Ireland’s power networks and infrastructure will require €9bn of investment between now and 2027 to cope with the datacentre community’s demand for capacity in the country.
A report by the Irish Academy of Engineering calls for urgent “analysis and debate” over who should be responsible for plugging this investment gap.
“The establishment of Ireland as the datacentre capital of Europe clearly brings considerable direct investment in the datacentres themselves, many of which are linked to the operations of major multinational employers, which have much of their non-US business serviced from Ireland,” says the report.
“However, much less attention has been paid to the very considerable investment in generation and network assets required for such a large-scale development of datacentres in Ireland.”
In particular, the report says more investment is needed to reinforce the electricity grid in the Greater Dublin area, which is home to hyperscale facilities operated by the likes of Amazon Web Services (AWS), Google and Microsoft.
Investment will also need to be allocated to support the generation of an additional 4,500MW of renewable power to underpin the growth of Ireland’s datacentre market.
“The issue of who will pay for this investment and how it will be funded urgently needs analysis and debate, as does the potential future development of the data industry itself,” the report adds.
The Irish government is aware of the issue, says the report, given that it is referred to explicitly within its Role of datacentres in Ireland’s enterprise strategy document.
But there are no plans in place to ensure that the datacentre industry’s major players will pick up the bill, despite the fact that their growth is putting increasing pressure on the national grid, says the report.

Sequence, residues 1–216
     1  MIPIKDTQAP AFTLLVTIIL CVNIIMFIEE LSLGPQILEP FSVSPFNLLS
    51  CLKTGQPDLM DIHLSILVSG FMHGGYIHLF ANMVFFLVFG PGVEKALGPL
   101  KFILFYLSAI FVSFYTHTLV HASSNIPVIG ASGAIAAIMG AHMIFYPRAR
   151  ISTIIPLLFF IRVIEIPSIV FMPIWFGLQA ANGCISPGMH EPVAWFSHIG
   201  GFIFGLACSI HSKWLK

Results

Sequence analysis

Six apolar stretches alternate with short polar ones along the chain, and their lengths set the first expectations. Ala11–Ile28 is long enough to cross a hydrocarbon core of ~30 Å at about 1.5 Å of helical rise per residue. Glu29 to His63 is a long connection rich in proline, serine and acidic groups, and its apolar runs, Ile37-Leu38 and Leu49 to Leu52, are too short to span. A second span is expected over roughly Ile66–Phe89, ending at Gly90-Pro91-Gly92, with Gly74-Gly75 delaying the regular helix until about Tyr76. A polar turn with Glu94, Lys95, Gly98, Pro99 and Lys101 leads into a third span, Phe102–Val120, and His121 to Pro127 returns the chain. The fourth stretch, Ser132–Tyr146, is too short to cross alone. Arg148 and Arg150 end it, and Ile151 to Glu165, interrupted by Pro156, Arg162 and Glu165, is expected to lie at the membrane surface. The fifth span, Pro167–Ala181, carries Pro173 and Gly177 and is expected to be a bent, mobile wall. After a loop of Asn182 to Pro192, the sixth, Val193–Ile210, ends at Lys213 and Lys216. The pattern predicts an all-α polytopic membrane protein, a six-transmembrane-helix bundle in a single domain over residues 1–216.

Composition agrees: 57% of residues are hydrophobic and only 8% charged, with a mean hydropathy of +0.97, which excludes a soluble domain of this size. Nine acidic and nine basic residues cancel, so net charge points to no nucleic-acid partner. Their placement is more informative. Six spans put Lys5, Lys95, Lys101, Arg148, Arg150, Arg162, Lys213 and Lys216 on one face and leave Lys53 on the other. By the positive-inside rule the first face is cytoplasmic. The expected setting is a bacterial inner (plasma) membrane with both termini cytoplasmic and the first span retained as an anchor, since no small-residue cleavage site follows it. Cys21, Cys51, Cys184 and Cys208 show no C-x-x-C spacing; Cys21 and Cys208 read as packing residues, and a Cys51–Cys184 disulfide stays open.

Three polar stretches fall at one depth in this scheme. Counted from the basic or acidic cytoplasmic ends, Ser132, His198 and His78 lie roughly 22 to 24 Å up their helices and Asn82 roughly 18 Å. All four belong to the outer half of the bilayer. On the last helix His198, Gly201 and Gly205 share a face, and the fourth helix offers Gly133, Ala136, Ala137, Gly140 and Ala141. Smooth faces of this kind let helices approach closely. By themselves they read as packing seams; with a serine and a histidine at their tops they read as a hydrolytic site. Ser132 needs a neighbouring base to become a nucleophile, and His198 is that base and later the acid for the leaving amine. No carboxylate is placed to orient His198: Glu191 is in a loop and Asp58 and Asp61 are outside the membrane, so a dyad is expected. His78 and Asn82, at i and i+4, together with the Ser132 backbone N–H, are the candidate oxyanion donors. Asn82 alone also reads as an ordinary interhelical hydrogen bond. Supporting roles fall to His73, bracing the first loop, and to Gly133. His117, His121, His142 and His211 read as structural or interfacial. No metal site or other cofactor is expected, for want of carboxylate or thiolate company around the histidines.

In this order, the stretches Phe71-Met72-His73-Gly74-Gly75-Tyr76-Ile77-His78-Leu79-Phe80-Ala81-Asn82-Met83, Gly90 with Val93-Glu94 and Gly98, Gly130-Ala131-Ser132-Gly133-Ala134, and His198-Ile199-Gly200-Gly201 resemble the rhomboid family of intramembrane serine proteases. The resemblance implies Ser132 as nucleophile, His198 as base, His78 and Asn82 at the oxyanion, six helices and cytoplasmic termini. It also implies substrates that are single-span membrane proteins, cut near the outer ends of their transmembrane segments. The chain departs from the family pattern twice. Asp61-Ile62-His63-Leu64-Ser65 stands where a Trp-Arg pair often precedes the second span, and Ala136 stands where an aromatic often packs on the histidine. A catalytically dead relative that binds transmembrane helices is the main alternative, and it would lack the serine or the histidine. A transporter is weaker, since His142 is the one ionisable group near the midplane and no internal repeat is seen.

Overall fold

“No measures have been put in place to ensure that these costs are fully borne by datacentre developers,” it adds.
Data published by Host In Ireland earlier this year revealed that the country is now receiving €1.3bn of inward investment from datacentre operators each year.
The Irish Academy of Engineering report cites figures from state-owned power operator Eirgrid from 2018, which highlight how the expansion of the datacentre industry is set to become a primary driver for energy demand growth years to come.
So much so that, by 2027, the datacentre industry and other larger energy users will be responsible for just under one-third (31%) of the energy demand within Ireland.
“Eirgrid’s 2018 generation capacity statement highlights that the projected future growth in Ireland’s electricity demand is wholly due to datacentre demand and expansion by a very small number of large industrial customers,” says the report.
“This is because the anticipated improvement in appliance efficiency in other sectors is projected to compensate for the impact of forecast economic and population growth and moves to increased penetration of electrically powered heating and transport.”
The sustainability of Ireland’s power supplies, in the context of its growing reputation as a major datacentre hub, has previously been flagged as a concern, most notably in the problems Apple ran into when trying to secure permission to build a datacentre in Athenry, County Galway.
One of the objections raised to its plans – which the consumer electronics giant shelved in May 2018 – was how Eirgrid would cope with the extra pressure that supplying Apple with power would put on its national grid.